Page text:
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Zombies. Seriously, enough.

There comes a time in the year when a young man’s thoughts turn to the occult, and the idea of blood sacrifice and feasting on the gooey brains of your enemies becomes even more tempting than usual. But Christmas is still some way away, and Hallowe’en doesn’t exist in England since the death of trick-or-treating. (Many parents are now convinced their children will disintegrate if they’re out of line-of-sight for more than thirty seconds. I blame the Daily Mail.) So I’m just gonna post this now.

I suppose it was the sight of Pride and Prejudice and Zombies in my local Waterstone’s that got me thinking about it. Now, don’t get me wrong, I’m not against sullying the classics. I’m with Mark Twain on the Jane Austen debate, who put it more delicately than I ever could, when he said “Every time I read Pride and Prejudice I want to dig (Jane Austen) up and beat her over the skull with her own shin-bone.” But it’s depressing to realise that the zombie genre has gotten so bloated, it’s finally burst and spewed its undead entrails into the mainstream.

Jane Austen with zombies? Honestly? Doesn’t that just sound like a washed-up movie exec’s cocaine-fuelled fantasy? Why not bring Jaws back from the dead and have the Ghostbusters hunt down his vengeful spirit at sea? Do we really need another ancient story resuscitated with a new twist?

Judging by the book sales, apparently we do.

The problem is that pretty much every worthwhile take on the zombie theme seems to have been done already. It started for most of us with Romero’s Night of the Living Dead. Since then we’ve had comedy zombies (Shaun Of The Dead), teen-horror zombies (Return Of The Living Dead), docu-drama style zombie war (World War Z), zombies that kind of aren’t zombies but actually they are (28 Days Later, Hater), zombies doing social satire  (Dead Set), and so on and so on. Babylon Fields, a TV series in the US which never made it past the pilot, was an attempt to examine the social effects of the dead coming back to life and not trying to eat everyone.  The only thing that has stopped the zombie tale reaching the appalling ubiquity of the current glut of vampire stories is that nobody has worked out a way to make zombies sexy yet. Bits fall off, y’see.

You know what you’re getting with zombies. You know the first third of the book/movie is spent watching the characters work out rules that every living organism on Planet Earth already knows. You get infected if you’re bitten. Detach the head from the spine to kill them. Lure them away with raw meat or loud noise. Zombies are not that hard to deal with, really. Even the fast ones are dumb. All you generally have to do is grab some food, hole up and close the door till they get bored and bugger off.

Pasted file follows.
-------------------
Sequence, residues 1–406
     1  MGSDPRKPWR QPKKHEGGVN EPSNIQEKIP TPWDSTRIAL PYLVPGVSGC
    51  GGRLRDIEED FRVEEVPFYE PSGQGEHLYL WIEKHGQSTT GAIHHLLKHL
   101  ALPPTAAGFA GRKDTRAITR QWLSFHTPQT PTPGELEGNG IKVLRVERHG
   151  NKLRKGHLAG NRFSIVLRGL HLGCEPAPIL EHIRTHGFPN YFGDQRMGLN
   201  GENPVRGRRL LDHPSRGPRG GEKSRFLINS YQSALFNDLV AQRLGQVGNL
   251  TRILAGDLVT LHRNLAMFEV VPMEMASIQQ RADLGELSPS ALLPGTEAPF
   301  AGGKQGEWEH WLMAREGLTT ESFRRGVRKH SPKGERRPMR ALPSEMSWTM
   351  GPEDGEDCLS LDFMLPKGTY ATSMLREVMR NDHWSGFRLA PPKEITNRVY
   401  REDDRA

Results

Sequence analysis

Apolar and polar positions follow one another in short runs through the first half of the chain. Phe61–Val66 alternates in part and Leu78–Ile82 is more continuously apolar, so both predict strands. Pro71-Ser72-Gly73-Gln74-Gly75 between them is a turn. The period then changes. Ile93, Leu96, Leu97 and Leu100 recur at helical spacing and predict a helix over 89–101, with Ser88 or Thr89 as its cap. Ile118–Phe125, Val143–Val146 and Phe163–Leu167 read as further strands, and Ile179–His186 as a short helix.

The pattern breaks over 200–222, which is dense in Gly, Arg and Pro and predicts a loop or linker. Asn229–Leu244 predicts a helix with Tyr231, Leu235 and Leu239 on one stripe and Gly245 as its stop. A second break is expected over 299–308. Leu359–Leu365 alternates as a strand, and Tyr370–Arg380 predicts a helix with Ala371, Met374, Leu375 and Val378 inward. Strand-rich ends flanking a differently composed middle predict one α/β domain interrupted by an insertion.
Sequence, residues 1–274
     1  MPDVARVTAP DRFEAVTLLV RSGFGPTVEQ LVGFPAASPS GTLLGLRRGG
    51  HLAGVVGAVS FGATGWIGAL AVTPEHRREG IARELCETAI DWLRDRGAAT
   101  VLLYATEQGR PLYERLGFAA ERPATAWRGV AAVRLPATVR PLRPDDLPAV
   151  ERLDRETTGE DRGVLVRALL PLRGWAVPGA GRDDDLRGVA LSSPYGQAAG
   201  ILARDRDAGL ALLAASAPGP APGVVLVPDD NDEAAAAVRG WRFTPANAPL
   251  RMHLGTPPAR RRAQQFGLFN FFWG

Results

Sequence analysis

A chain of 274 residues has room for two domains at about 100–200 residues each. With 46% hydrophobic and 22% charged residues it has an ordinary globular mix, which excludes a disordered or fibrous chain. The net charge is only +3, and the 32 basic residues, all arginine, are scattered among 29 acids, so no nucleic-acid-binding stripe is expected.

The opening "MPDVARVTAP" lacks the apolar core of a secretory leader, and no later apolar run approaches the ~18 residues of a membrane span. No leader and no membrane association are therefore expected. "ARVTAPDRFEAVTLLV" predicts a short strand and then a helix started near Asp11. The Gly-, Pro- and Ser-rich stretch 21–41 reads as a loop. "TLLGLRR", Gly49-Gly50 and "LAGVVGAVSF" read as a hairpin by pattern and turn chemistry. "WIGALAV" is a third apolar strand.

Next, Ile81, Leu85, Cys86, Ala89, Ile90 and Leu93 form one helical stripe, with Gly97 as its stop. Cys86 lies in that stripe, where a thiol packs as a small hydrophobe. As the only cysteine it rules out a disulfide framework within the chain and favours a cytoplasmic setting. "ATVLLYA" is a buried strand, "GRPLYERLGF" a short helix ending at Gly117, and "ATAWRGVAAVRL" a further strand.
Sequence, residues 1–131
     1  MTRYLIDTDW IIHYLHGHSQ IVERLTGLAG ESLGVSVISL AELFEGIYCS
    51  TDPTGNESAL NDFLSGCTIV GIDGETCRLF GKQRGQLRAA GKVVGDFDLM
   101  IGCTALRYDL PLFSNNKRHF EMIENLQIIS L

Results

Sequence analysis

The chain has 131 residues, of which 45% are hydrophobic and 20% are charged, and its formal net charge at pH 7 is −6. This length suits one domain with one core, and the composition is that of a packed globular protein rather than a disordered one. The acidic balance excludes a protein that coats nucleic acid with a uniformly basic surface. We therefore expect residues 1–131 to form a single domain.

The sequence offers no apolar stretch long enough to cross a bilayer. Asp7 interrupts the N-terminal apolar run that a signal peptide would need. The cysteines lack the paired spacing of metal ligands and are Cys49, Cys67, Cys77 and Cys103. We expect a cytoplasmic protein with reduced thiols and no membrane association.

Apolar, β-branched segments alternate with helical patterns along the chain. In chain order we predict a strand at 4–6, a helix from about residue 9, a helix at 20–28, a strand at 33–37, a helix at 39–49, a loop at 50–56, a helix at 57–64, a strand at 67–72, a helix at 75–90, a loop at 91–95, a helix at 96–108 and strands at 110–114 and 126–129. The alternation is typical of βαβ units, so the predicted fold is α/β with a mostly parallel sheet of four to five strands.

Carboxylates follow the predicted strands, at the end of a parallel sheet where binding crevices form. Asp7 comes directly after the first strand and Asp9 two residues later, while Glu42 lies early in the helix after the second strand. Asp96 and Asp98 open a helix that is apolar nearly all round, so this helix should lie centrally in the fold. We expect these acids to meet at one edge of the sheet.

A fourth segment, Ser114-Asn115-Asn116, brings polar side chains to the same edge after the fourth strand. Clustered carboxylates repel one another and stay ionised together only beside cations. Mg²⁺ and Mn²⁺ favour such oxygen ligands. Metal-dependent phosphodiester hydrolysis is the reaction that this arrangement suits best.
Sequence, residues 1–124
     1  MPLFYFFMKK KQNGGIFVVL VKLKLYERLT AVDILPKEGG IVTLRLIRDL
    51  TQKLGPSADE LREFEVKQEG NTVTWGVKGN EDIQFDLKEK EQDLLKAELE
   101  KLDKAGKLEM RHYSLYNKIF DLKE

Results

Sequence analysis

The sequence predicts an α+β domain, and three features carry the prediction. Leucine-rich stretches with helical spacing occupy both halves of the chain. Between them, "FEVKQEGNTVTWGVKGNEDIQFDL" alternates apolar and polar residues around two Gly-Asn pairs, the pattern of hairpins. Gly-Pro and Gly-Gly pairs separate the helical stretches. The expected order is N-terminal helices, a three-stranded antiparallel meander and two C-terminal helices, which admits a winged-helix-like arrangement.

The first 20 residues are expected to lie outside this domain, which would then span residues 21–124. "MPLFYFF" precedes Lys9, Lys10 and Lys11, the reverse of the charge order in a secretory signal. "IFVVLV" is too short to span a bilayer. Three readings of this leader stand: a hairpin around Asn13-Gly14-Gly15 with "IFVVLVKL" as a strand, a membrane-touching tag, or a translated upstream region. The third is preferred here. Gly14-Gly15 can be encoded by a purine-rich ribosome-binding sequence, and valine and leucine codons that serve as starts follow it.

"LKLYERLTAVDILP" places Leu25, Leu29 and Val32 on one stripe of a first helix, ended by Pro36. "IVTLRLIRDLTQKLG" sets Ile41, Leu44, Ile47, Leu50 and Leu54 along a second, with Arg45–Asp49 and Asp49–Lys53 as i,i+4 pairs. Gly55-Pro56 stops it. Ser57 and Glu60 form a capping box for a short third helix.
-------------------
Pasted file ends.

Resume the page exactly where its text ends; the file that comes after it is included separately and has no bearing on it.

Instead, drama is mined from the impossible stupidity of the protagonists. They leave the lights on to attract zombies, or unlock zombie-proof doors while storming away from their lover in a hissy fit. They shoot at explosive things at point blank range, or stray close to the windows because they somehow forgot there was a slavering horde of undead lurking outside, just waiting to rip their intestines out of their eye sockets. At some point, someone gets infected by zombie-itis. Instead of shooting them, our merciful heroes will wait till the very last moment, to eke out every last precious second of their existence while the audience marvels at the fragile beauty of life, like watching a butterfly’s wings beating in a frosted glade. After which the character will break out of his or her restraints and take at least two uninfected humans with them on their way to Hell.

Obviously I’m being simplistic – not every zombie tale includes all of the above – but there’s a point here. A zombie in itself just isn’t enough to make a story. Romero’s Dead trilogy, that introduced the wider world to zombies, was great because it had good characters and other drums to bang, about racism, consumerism, the ethics of scientists and the military, and so on. Yes, it had some of the failings I pointed out above, but it was also the first time they’d been done. There are only so many shattering observations on the state of humanity that benefit from the presence of zombies,  and those first three movies pretty much covered ’em all.

With the honourable exception of King’s Pet Semetary – which is not really a zombie tale at all, anyway – I can’t think of anything with zombies that isn’t basically copying the template Romero laid down. Shaun of the Dead was a funny take on the mindless drones satirised in Dawn Of The Dead. Dead Set updated it for the Big Brother generation. But they’re still retreads, however well dressed, and the points they make aren’t new. The fast zombies of 28 Days Later were seen as a reinvention of the genre, but they were just the same zombies as before, except they could run fast and they died a little easier. Nothing too groundbreaking there.

Now listen. I love zombies. Bringing dead stuff to life is officially awesome. There’s even a pinch of zombie pirates in the Manes of my own Retribution Falls. But I’m just saying: enough, please. All the bases have been covered. Leave the corpses in their graves. Zombies in space will not add anything the genre (oh, wait… Dead Space…). Victorian zombies will not add anything to genre. Nor will a tale from the zombie’s point of view, about a working-class guy scratching a hard unliving in the mean world of the non-decomposed. The zombie apocalypse has happened enough times now. Enough so that I’m pretty confident I’d do well in it, given the amount of advice I’ve had on the subject. Maybe it’s time to get thinking about a new way to end the world.

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